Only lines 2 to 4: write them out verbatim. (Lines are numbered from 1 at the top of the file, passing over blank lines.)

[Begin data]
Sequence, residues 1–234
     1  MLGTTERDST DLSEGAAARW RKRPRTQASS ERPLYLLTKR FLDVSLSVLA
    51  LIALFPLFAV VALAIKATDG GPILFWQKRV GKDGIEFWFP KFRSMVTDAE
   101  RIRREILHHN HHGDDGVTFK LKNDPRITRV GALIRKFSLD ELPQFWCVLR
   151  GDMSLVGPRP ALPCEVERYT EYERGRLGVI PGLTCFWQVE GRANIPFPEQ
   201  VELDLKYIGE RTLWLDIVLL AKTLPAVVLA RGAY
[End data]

     1  MLGTTERDST DLSEGAAARW RKRPRTQASS ERPLYLLTKR FLDVSLSVLA
    51  LIALFPLFAV VALAIKATDG GPILFWQKRV GKDGIEFWFP KFRSMVTDAE
   101  RIRREILHHN HHGDDGVTFK LKNDPRITRV GALIRKFSLD ELPQFWCVLR